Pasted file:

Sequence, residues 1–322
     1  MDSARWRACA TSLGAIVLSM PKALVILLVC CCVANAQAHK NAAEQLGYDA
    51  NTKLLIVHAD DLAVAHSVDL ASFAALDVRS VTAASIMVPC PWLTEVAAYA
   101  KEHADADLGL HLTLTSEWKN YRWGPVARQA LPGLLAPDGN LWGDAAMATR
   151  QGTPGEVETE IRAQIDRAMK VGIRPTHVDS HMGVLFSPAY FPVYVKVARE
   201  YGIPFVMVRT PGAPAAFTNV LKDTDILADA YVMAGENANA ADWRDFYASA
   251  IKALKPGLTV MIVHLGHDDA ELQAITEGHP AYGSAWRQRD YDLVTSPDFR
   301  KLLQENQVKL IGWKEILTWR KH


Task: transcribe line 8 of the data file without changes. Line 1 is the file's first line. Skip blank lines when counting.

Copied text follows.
   301  KLLQENQVKL IGWKEILTWR KH